Timothy Owase

 

Cannes International festival – 2012

5,000.00

87.40

437,000.00

31/10/2011

Alex Mulwa

0366

American Film market

4,000.00

104.5

418,000.00

9/5/2011

Timothy Owase

0222

Cannes International festival – 2011

5,000.00

88.5

442,500.00

30/5/2011

Alex Mulwa

0235

AFCI locations show 2011

5,000.00

90.15

450,750.00

9/12/2010

Alex Mulwa

0094

Dubai international film festival- 2010

1,000.00

84

84,000.00

 

3.0 Code of regulation provision on international travel.

The Committee noted that the Commission does not have a policy on foreign/international travel policy. In view of this noted absence then the Commission relies on the provision of the section j3 on subsistence allowance when travelling on duty outside Kenya in the Code of regulation revised 2006. Subsection J.3 (2) states “The rates of subsistence allowance which are payable for each complete period of 24 hours commencing from the time of departure from Kenya are designed to meet the cost of accommodation at good, but not luxury class hotels, three meals a day including service charges, local travelling (such as taxi, bus or train fare), incidental expenses including any taxes and an element in respect of essential entertainment. In addition, travelling expenses incurred from the airport of disembarkation to a hotel or other residential place and vice versa, airport charges, fees for vaccination, visas and passport charges will be refunded.”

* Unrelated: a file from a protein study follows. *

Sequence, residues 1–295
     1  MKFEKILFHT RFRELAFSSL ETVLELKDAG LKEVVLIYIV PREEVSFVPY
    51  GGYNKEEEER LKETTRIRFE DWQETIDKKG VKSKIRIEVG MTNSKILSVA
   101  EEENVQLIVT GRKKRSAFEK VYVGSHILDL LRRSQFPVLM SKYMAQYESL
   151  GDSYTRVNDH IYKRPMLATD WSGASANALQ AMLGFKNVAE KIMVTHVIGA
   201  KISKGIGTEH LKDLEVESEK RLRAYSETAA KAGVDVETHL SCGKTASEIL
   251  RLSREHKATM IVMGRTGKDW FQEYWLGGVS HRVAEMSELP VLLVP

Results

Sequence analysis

The committee noted with concern that the provisions above regulations were being flaunted. A notable case was where the marketing manager presented taxi receipts, fuelling receipts and driver’s allowance as part of the surrender of imprest given to him.

The committee noted that the contents of the above regulation need to be disseminated to the staff members as soon as possible. This was seen as key in raising awareness of what should be allowable and what is not as far as imprest usage is concerned.

4.0 Communication between departments

The committee noted that of the vote book balances are not available to all the managers/ budget holders in the Commission. This was identified as cause of some manager not knowing the balances on their votes at the time the commitment. The Committee proposes that the vote book system software be made available to all the CEO and all the managers.